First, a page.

Building an XmlSerializer in Javascript

Anders Norås has an interesting blog entry entitled A JavaScript XmlSerializer where he shows how to build a class equivalent to the .NET Framework’s System.Xml.Serialization.XmlSerializer class in Javascript. He writes

In ASP.NET 2.0 it is possible to invoke server events from client side script without posting back the page. This is supported through a new mechanism called script callbacks. For more information on this technology, read Dino Espositio’s excellent “Cutting Edge” article on the subject.

Mostly out-of-band calls have been used with fairly simple return values such as strings and numerals. The “advanced” uses have typically been passing arrays as comma separated lists. This has greatly limited the applicability of the technology and created a wide functionality gap between the object oriented programming environment of the server world and the more primitive environment in the browser…

A JavaScript XmlSerializer

One of the most celebrated classes in the .NET framework is the XmlSerializer class. This class enables you to serialize objects into XML documents and deserialize XML documents into objects. As we all know, XML documents are represented as strings, so it is simple to pass an XML document as either a parameter or a return value on an out-of-band call.

By implementing a client side XML based serialization and deserialization it would be possible to pass an object from a client script to a server method and vice versa. There are of course huge differences between the powerful .NET platform and the simple JavaScript language, but these have little impact on a client to server communications channel as it would only make sense to pass data transfer objects.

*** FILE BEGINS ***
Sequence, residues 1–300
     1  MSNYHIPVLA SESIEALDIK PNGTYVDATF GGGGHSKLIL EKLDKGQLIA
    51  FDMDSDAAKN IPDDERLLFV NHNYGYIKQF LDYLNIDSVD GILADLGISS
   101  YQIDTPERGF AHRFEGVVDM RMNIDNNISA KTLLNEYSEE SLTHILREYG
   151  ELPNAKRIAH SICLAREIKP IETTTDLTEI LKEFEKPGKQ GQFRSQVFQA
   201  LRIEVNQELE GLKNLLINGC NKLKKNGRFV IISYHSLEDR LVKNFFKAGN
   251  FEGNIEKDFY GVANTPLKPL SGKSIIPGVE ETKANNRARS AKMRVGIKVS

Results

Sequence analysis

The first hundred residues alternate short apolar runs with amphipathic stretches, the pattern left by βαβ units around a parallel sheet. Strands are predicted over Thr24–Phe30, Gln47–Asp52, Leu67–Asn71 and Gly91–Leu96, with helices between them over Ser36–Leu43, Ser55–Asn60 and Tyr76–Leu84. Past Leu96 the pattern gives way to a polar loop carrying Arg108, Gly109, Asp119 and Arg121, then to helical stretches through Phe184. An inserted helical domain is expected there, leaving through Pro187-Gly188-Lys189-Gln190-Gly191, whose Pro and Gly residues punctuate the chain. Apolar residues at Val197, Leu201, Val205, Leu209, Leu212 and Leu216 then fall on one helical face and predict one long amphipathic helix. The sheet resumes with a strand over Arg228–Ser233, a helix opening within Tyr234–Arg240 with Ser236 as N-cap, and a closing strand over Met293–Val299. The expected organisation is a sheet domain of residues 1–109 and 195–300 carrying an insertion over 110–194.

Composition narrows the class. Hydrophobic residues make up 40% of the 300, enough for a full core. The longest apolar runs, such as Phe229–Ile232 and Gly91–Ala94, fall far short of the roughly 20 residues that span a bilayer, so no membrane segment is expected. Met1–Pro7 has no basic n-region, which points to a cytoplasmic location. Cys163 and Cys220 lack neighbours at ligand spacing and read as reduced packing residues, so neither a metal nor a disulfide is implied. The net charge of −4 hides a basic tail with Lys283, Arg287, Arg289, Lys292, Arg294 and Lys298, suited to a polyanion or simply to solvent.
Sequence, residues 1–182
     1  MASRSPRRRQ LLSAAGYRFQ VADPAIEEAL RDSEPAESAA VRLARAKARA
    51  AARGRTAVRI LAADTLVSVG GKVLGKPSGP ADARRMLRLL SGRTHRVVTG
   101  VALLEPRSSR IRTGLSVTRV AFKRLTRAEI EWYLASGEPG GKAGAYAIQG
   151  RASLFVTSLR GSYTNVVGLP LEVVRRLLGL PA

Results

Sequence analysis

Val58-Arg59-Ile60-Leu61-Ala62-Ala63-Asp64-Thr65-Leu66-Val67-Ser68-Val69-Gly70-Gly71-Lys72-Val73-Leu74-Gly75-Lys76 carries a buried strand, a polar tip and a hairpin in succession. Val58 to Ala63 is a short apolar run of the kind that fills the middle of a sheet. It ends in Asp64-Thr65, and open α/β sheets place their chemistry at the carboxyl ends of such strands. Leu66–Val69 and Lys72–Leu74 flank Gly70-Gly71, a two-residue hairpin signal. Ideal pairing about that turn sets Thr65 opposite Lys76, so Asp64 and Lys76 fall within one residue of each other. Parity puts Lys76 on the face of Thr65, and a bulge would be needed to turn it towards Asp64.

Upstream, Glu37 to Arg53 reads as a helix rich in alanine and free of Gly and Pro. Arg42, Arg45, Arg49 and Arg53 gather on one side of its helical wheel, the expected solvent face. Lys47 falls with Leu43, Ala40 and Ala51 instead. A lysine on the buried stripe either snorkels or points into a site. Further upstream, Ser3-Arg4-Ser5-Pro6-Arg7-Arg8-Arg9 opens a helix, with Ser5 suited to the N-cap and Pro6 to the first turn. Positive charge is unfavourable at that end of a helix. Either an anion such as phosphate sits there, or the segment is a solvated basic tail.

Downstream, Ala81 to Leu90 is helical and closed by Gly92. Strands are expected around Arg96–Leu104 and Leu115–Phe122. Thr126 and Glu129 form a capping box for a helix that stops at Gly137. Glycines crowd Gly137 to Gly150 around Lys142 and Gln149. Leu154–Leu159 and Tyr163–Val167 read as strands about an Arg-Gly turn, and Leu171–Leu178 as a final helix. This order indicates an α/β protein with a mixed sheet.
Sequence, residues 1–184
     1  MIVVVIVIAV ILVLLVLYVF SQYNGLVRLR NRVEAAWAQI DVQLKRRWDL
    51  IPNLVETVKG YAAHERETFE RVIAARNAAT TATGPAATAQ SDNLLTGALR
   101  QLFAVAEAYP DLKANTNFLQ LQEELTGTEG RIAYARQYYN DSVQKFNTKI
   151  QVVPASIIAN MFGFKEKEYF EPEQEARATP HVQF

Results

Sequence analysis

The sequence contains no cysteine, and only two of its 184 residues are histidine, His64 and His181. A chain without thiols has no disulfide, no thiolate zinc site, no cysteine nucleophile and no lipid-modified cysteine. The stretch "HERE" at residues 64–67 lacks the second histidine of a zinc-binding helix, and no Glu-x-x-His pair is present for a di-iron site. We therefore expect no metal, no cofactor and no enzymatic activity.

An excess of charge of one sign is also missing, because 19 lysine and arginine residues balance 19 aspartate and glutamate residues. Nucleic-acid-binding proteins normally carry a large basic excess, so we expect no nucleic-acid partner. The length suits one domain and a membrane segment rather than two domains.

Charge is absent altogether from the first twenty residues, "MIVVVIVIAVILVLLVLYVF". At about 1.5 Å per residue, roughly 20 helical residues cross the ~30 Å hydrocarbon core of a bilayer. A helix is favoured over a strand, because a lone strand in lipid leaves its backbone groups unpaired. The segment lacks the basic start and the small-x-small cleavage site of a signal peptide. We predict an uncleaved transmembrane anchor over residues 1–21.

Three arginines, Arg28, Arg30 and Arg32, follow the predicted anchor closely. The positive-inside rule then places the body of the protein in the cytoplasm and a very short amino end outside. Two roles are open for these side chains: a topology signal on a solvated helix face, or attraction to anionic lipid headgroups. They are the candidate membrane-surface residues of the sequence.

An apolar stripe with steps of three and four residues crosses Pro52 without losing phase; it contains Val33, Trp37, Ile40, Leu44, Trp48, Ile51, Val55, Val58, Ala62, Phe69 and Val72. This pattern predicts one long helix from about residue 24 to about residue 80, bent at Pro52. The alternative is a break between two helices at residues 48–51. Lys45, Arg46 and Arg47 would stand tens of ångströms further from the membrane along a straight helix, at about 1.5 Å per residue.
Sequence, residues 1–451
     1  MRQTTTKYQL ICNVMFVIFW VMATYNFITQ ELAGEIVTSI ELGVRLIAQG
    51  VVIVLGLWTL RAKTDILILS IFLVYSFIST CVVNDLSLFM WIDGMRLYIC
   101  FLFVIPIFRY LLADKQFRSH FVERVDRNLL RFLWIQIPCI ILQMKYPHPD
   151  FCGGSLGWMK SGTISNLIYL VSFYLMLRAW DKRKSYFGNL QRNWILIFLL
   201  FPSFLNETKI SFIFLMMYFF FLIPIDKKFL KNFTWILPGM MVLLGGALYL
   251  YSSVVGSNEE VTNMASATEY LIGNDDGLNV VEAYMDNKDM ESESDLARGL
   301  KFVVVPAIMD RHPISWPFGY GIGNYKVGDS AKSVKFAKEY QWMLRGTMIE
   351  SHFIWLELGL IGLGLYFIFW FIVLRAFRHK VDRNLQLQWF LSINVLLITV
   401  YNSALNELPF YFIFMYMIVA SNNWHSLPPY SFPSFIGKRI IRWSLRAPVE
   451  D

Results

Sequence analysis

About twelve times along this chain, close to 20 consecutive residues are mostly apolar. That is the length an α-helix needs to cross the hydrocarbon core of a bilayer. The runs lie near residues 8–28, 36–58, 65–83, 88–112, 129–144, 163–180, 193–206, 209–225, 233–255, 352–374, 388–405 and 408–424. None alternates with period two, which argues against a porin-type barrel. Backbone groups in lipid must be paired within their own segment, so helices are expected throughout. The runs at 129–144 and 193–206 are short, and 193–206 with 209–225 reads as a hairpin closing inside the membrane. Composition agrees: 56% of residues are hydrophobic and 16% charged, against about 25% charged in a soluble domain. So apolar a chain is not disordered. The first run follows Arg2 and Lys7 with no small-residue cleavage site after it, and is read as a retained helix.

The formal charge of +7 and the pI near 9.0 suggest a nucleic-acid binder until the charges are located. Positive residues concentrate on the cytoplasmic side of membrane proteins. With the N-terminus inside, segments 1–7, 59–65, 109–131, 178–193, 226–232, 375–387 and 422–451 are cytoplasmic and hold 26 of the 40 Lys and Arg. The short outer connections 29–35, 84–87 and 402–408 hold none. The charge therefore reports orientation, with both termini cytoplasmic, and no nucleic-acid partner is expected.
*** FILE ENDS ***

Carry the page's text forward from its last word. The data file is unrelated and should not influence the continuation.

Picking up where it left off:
Definitely an interesting bit of code. What is also very interesting is that he has a previous article entitled Declarative JavaScript programming where he implements metadata annotations (akin to .NET Framework attributes) for Javascript. Excellent stuff.

Comments (3)

  1. Ken says:

    This looks cool! It seems to work like the I’ve been using that control to pass back arrays of classes. Then in my javascript I can refer to the property names and iterate through the array instead of having to use an array of plain old strings and index numbers. Ken.

  2. Mark Wilson says:

    I thought you and your visitors might like to read an online XmlSerializer tutorial at TopXML



  3. yeah that was really interesting to read about. maybe I will use it in my future work